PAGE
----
Statewatch News
EU-Ertirea Bookmark and Share  
European Commission: We will fight forced labour in Eritrea by financing projects that use it
Follow us: | | Tweet

Help us to continue making our work freely available to all: become a Friend of Statewatch.

"...The EU-funded project only finances the procurement and supply of material and equipment — the EU does not pay for labour...

The EU has consistently deeply regretted the practice of the indefinite National Service (NS). The Government of Eritrea stated the necessity to reform the NS towards a modern civil service. The best way to increase chances of reforming it — and therefore addressing root causes of forced migration — is to engage with the Government on human rights issues. The past isolation policy did not work as neither political dialogue nor EU development cooperation moved forward. The EU continues to push the Eritrean authorities to reform the NS in line with the International Labour Organisation Convention C29 and C105."

See: Answer given by Ms Urpilainen on behalf of the European Commission (European Parliament, link)

The answer comes in response to questions on: The link between forced labour in Eritrea and EU-funded projects (EP, link)

See: European aid is financing Eritrean slave labour (Eritrea Hub, link):

"The EU has committed Euros 20 million to the project. A further Euro 60 million has been promised for the second phase of project. The aid is part of broader EU plans to halt the flow of refugees and migrants crossing the Mediterranean from Africa. There are 26 such projects from Senegal in the west to Somalia on the east.

But in Eritrea the EU project is at the centre of a controversy that refuses to go away. This is because Eritrea uses conscripts trapped in the country’s notorious National Service as labour. The conscripts are meant to serve for just 18 months, but are held indefinitely. Some have been held in National Service for 20 years or more.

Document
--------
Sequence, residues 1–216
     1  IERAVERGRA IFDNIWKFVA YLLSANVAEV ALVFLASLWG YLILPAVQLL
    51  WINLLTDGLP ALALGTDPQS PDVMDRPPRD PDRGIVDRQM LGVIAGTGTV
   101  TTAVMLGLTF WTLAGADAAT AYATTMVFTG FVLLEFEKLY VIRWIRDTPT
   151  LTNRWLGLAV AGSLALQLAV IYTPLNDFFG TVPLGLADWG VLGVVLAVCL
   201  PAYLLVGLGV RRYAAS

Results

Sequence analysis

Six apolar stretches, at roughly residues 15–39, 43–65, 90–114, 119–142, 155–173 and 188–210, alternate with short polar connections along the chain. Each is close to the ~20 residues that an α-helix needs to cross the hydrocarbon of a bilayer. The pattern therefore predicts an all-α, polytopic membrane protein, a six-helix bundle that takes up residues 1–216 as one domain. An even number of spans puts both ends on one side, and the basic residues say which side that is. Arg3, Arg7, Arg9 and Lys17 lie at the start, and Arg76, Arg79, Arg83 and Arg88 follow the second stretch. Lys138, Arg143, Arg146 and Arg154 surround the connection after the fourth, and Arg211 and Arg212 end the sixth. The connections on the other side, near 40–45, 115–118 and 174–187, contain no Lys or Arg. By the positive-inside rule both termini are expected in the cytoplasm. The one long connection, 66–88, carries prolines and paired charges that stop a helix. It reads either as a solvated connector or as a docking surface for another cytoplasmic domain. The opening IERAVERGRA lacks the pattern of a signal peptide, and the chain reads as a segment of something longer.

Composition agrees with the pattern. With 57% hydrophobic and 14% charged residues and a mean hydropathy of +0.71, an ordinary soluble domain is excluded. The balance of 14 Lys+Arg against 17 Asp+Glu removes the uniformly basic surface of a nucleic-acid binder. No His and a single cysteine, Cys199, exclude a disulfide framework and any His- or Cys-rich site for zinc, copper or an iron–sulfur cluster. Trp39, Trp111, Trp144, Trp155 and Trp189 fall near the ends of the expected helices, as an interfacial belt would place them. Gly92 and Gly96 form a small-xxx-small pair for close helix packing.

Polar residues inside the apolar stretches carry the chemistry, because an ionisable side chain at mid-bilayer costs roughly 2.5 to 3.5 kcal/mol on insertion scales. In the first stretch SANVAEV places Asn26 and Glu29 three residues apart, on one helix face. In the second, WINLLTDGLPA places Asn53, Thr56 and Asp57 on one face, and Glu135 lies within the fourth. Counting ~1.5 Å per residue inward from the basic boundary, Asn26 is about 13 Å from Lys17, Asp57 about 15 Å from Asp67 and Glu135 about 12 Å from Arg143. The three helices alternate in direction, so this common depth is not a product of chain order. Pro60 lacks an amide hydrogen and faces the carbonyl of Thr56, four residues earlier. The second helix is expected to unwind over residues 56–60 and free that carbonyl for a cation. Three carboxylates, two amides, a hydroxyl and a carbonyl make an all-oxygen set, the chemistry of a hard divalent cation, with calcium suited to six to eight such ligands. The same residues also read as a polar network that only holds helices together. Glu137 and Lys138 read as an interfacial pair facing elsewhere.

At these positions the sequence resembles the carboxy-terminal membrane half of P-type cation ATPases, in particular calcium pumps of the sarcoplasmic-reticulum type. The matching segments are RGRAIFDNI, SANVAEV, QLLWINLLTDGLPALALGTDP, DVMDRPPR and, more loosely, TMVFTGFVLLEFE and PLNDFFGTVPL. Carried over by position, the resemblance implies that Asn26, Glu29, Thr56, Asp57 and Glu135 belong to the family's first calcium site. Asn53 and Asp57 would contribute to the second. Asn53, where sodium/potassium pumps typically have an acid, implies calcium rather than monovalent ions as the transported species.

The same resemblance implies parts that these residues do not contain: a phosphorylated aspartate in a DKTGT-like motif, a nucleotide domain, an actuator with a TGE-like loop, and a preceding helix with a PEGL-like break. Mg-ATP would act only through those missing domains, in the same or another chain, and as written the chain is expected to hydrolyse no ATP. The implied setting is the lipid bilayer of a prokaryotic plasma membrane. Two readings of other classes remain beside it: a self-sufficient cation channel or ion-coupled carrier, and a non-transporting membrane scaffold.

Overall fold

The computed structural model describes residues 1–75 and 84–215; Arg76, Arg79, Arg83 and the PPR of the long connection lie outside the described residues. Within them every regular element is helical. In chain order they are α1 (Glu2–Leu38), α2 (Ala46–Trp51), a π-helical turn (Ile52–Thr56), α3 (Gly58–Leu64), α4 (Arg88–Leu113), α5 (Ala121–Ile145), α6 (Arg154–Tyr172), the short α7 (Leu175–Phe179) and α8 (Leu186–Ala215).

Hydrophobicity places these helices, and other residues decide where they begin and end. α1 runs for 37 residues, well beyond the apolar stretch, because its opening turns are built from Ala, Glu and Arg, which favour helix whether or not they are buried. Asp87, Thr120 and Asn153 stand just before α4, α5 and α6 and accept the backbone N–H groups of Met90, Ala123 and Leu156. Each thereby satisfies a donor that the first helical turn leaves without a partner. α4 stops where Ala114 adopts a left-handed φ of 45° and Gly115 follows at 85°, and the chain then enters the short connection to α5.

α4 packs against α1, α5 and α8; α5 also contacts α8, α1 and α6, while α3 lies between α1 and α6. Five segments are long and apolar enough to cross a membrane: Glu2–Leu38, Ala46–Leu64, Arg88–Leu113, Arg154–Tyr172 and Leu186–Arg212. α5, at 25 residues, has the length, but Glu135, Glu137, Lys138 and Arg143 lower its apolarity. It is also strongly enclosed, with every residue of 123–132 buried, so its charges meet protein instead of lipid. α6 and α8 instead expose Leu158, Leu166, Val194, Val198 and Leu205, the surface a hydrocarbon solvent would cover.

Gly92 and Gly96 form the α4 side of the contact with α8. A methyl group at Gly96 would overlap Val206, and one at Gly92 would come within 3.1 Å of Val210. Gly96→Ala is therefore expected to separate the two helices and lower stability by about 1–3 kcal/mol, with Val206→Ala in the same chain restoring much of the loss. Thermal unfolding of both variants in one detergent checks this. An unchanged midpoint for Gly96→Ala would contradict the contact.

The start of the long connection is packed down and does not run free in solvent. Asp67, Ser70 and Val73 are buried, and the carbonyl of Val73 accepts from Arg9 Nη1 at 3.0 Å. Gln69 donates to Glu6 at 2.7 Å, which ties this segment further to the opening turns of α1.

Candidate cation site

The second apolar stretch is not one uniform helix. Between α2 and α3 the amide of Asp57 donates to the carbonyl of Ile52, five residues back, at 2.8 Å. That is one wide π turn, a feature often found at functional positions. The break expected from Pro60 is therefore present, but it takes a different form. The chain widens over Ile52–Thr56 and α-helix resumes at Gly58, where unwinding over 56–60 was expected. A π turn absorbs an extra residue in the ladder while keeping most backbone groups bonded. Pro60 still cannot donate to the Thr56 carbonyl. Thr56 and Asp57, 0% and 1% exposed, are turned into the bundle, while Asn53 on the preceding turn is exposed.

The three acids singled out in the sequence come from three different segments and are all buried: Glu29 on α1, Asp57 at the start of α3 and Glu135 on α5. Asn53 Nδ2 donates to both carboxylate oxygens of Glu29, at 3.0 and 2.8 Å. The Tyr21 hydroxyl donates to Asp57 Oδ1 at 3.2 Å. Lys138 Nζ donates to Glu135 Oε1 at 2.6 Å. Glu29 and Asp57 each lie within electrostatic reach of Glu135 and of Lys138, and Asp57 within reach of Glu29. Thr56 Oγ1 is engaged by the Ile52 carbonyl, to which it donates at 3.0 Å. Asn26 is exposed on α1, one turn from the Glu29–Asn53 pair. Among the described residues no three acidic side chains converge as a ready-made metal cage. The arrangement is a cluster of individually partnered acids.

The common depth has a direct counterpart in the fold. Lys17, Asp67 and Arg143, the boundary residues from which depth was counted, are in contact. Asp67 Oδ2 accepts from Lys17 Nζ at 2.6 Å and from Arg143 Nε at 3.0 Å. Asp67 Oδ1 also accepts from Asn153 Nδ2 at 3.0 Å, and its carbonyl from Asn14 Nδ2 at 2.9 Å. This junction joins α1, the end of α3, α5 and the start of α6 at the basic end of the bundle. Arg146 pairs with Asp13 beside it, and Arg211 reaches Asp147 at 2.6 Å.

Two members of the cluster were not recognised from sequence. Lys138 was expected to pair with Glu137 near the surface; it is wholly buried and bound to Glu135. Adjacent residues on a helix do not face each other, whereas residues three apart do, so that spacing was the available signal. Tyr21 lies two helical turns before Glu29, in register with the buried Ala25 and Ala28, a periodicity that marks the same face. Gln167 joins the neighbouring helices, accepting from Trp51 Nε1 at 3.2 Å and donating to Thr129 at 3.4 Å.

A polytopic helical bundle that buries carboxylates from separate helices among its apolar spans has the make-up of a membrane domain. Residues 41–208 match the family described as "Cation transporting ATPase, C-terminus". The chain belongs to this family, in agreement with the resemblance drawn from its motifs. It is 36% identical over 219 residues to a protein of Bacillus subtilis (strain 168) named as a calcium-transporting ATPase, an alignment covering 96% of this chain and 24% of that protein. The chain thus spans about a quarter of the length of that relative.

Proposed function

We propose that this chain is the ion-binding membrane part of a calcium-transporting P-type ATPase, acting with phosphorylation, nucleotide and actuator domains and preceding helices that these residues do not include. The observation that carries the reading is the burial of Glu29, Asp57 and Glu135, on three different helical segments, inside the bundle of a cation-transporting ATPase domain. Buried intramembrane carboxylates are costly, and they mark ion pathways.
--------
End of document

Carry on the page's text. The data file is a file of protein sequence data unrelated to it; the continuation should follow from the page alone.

The programme, initiated in 1995, involves all Eritreans on entering their twelfth grade at school, to complete their education with military service. Reports for the UN Human Rights Council provided evidence of the brutal treatment of these young people, with physical abuse frequently meted out to men and sexual abuse for women."

Search our database for more articles and information or subscribe to our mailing list for regular updates from Statewatch News Online.

We welcome contributions to News Online and comments on this website. Contact us.

Home | News Online | Journal | Observatories | Analyses | Database | SEMDOC | About Statewatch

© Statewatch ISSN 1756-851X. Personal usage as private individuals/"fair dealing" is allowed. We also welcome links to material on our site. Usage by those working for organisations is allowed only if the organisation holds an appropriate licence from the relevant reprographic rights organisation (eg: Copyright Licensing Agency in the UK) with such usage being subject to the terms and conditions of that licence and to local copyright law.